As you’ll see in the sample images, we used second-curtain flash in a lot of the portraits to get the motion blur effect. This lens, of course, allowed us to do that easily. Just know that it isn’t camera shake! To that end, this lens doesn’t really need image stabilization.
The autofocus on the Tamron 28-75mm f2.8 Di III VXD G2 is very good. The only time I had any sort of slight trouble was with tracking a cat moving closer to the camera. (Specifically this was on the Sony a7r III; with the Sony a1 it was a bit better.) And for what it’s worth, I don’t think anyone would buy this lens with the intention of photographing their pets moving closer. You should also know that Sony owns part of Tamron, so the autofocus is bound to be fantastic!
With humans however, it focused perfect fine on both cameras providing that the autofocus was set to the correct subject type. This worked both with moving subjects and stagnant ones. More importantly, it also worked very well in low-light.
Essentially, you’ll have to be a bit more careful with photographing animals as they move. That’s a bit shocking as this lens starts out as a wide-angle optic. But otherwise, this lens works exactly as it should.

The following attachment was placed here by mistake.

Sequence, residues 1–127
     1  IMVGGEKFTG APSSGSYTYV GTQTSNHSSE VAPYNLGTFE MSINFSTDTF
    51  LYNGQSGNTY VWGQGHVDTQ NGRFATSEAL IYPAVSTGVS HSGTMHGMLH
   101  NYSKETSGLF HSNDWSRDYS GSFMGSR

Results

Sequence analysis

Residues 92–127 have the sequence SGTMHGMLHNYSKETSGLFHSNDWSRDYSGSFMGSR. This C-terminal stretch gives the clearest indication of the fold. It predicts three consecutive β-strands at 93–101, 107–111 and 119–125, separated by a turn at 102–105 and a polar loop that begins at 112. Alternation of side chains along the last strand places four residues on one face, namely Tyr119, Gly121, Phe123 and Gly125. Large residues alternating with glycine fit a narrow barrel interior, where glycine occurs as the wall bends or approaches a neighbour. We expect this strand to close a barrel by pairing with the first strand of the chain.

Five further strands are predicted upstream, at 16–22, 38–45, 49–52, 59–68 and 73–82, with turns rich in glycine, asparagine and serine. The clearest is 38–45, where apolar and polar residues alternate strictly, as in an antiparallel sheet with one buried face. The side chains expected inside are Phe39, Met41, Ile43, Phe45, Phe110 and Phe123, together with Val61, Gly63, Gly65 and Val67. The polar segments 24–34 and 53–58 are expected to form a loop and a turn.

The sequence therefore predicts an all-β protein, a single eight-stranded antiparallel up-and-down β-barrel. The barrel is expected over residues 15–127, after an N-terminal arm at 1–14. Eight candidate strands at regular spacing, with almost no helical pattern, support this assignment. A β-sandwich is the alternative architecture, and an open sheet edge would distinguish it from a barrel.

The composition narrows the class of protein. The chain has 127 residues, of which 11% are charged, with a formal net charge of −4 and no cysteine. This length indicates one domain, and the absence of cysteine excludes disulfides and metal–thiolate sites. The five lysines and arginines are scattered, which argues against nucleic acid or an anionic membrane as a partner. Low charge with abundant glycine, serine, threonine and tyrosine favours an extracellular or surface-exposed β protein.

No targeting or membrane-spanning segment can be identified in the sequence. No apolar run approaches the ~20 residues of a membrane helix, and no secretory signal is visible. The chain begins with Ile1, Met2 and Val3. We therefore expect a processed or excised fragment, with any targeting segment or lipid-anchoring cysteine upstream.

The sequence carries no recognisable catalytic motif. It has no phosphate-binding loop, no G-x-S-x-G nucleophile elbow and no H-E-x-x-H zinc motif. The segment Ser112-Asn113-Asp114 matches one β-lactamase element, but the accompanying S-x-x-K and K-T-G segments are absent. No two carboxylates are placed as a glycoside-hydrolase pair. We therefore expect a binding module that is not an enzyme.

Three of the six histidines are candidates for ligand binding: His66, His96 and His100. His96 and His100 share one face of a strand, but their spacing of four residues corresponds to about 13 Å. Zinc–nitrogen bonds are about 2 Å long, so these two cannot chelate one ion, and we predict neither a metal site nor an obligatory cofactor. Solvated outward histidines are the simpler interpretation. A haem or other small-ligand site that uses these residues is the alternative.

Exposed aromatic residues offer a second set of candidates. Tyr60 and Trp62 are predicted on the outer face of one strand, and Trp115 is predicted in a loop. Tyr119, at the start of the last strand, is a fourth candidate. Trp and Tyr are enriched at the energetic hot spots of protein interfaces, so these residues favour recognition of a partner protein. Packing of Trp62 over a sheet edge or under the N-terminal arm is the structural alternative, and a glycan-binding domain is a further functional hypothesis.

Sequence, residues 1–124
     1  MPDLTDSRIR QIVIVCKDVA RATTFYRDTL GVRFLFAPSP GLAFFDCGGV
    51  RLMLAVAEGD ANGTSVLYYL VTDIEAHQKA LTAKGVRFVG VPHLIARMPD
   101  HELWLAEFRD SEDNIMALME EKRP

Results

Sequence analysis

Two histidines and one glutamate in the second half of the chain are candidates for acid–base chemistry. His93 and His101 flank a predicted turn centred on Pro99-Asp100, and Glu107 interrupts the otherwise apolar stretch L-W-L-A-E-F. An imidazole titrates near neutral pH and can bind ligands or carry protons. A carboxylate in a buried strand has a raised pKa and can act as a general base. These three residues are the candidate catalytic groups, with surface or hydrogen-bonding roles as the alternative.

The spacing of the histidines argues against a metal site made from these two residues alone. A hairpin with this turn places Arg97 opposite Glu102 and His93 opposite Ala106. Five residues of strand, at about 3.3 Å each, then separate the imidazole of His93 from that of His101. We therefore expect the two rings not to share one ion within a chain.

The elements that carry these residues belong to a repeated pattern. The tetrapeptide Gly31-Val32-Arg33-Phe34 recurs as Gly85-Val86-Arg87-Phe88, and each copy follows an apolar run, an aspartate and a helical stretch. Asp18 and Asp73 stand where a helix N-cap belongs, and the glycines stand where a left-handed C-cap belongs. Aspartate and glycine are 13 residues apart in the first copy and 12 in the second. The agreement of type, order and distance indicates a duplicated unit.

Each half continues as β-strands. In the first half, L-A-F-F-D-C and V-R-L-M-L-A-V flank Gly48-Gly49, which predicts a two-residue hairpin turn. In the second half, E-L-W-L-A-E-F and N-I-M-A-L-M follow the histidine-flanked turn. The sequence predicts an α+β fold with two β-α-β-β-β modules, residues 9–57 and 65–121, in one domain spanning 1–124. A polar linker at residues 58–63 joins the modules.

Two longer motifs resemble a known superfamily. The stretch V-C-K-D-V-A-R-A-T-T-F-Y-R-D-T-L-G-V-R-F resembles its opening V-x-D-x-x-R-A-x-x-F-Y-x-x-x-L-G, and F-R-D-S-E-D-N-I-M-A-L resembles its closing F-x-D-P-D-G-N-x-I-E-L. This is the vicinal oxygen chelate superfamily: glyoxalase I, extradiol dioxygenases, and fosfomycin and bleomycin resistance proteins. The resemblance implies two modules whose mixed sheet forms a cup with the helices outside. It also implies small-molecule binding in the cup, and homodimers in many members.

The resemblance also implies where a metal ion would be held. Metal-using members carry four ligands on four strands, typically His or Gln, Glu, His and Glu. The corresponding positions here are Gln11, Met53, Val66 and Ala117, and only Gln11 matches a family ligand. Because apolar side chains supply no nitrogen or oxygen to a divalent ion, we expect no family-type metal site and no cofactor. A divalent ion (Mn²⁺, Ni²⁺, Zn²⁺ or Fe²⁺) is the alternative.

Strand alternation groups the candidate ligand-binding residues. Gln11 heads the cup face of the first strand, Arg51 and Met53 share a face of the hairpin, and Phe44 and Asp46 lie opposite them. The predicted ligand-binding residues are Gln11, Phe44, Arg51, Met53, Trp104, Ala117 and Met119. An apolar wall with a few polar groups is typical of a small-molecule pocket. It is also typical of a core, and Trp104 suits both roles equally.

I’m very happy with the image quality the Tamron 28-75mm f2.8 G2 can produce. If you’re like me and don’t care about 100% critical sharpness except for autofocusing, then this lens is great. Quite honestly, I don’t work with a model who works extra hard on her makeup to then have to sit and retouch the photos for a while. And if I need the extra details, I can move a few sliders in Capture One. But I’d much rather just have the image look great right out of the camera. And that’s the case here.
With nine aperture blades, we’re really happy with what the Tamron 28-75mm f2.8 G2 can do. The bokeh is nice and creamy on the longer end while being hazy on the wider end. Either way, it’s very functional for making your subjects pop out from the background.
Tamron tends to be vivid and have its own sort of color that Sony doesn’t quite give you. Sony is vivid, but also kind of sterile. Tamron isn’t that way. And in our tests, the Tamron 28-75mm f2.8 G2 stayed true to that philosophy.